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Kambi

A global integrity network is ready to be plugged into

28 Mar 2018 / Author: Oliver Lamb

There’s no doubt that as the US market edges towards regulation, one of the topics at the top of all stakeholder agendas is that of sports integrity. Many of the bills that have been proposed to state legislatures show that there is still much to be discussed; however, this need not be an area of contention. 

On the contrary, open cooperation on this issue between the betting industry, sports governing bodies, regulators and law enforcement has been one of the true success stories of regulated markets across the globe. 

The secure and stable information sharing partnerships that have been fostered on all sides has afforded a level of transparency that has over the course of recent years shut down numerous match fixing operations, protected consumers and preserved the integrity of sport itself. Indeed, there is to some extent a ready-made global integrity network waiting to be plugged into by US stakeholders.

Collective effort

While it’s not my place to talk specifically about other sports betting suppliers and operators, it’s clear to see there has been great effort placed on tackling match fixing industry-wide. Of course, if we are to maintain a sustainable betting industry, it’s in everyone’s best interests to invest time and resources into this crucial area. 

Take what we do here at Kambi as an example. We are, in essence, a company of 650 sports fans, half of whom are frontline trading operations staff who monitor betting activity around the clock, all trained to spot and escalate at the first suspicion of irregular activity. 

And thanks to advancements in technology, traders are supported and evermore superseded by real-time data analytics tools, for which bespoke match fixing algorithms have been written. These protocols and algorithms are continuously updated, with the cat and mouse pursuit between bookmaker and match fixer requiring our constant attention.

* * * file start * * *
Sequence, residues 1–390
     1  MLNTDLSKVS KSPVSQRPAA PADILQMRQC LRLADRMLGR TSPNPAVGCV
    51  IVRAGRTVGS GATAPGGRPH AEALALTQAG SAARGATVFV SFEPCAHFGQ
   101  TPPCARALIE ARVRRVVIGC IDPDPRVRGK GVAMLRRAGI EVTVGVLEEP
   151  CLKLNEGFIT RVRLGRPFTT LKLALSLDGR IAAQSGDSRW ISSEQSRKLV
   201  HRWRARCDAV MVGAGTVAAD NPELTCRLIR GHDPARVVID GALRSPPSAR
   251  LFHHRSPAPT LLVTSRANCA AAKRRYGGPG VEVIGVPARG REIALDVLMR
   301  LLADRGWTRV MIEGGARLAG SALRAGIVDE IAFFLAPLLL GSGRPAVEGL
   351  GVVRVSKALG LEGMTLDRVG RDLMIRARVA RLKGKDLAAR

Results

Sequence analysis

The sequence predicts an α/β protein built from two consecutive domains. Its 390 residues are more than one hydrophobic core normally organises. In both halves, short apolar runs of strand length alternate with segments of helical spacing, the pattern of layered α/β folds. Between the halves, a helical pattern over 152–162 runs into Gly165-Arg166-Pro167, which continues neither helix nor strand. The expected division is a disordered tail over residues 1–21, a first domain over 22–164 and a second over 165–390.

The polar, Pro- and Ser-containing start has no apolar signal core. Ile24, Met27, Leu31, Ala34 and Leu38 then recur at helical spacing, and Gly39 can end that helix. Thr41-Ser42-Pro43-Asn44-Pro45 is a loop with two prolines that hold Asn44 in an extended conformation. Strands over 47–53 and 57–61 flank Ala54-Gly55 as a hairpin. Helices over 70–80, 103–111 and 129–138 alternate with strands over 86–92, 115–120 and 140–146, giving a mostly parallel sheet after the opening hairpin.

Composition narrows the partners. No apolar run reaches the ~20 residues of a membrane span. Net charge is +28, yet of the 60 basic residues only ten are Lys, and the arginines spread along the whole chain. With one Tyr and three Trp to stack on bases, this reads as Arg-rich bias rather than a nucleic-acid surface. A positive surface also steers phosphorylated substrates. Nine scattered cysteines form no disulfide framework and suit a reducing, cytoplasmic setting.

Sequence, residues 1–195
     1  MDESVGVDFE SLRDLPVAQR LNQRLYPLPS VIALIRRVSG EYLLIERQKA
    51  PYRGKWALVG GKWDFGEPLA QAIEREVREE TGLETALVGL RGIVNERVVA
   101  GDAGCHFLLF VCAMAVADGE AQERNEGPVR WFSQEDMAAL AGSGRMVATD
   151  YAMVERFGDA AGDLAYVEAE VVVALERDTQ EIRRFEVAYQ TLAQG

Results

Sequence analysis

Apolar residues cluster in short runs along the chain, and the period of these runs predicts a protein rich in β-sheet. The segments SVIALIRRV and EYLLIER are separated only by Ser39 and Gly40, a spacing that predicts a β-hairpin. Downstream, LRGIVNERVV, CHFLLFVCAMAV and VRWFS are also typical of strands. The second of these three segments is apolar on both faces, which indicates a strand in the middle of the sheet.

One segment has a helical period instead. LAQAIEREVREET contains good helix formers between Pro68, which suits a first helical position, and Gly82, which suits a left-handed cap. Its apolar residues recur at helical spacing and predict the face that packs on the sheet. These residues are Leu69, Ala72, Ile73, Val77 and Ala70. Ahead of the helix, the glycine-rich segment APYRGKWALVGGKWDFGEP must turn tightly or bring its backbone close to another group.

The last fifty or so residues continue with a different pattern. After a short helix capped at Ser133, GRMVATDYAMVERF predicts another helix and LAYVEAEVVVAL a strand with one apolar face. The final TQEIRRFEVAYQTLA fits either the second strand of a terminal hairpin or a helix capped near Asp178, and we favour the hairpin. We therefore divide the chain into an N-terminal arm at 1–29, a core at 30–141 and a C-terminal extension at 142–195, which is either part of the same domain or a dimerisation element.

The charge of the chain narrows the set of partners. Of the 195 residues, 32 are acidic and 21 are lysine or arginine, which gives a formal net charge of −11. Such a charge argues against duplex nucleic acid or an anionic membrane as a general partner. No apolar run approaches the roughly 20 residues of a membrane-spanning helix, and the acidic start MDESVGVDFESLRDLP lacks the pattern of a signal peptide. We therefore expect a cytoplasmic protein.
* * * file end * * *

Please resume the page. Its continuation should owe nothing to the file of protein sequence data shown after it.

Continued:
Yet with every turn of the screw it becomes clearer that we, and the rest of the industry, have the upper hand. All new episodes of suspicious activity see the population of our integrity database increase, with suspicious participants – teams, players, referees, umpires, etc. - blocked from our betting offering and action taken against accounts involved.

Information sharing 

In these situations, the support offered by and to our integrity network gives me faith that we’re on the right path. As well as keeping our own house in order, when we see suspicious activity we are committed to escalating all relevant data to our information-sharing partners as quickly as possible. 

These partners can be integrity representatives of sports governing bodies, official data rights holders or the regulators where either Kambi or our operators hold a license. In the regulatory space we have an ideal partner in the UK Gambling Commission, whose well informed and highly responsive intelligence unit is empowered to act upon the information that the betting industry provides. 

While operators and suppliers do all they can to ensure their platforms are as a hostile as possible to match fixers, the regulators are able to take our investigations to the next level, activating their own networks across borders and sectors in order to apply the appropriate sanctions to those who wish to corrupt sports.

Therefore, I’m encouraged that the integrity issue is being given due attention as we await a ruling on PASPA. The threat that match fixing poses to sports is indeed real, but if any lesson can be learned from other regulated markets it’s that open cooperation and transparency between stakeholders will be key to ensuring that onshore sportsbooks will not be open to abuse by corrupt elements. 

Prospective US bettors can have faith that robust networks will be in place from day one in order to keep the sports they love free from manipulation.

First published in EGR North America on 1 March 2018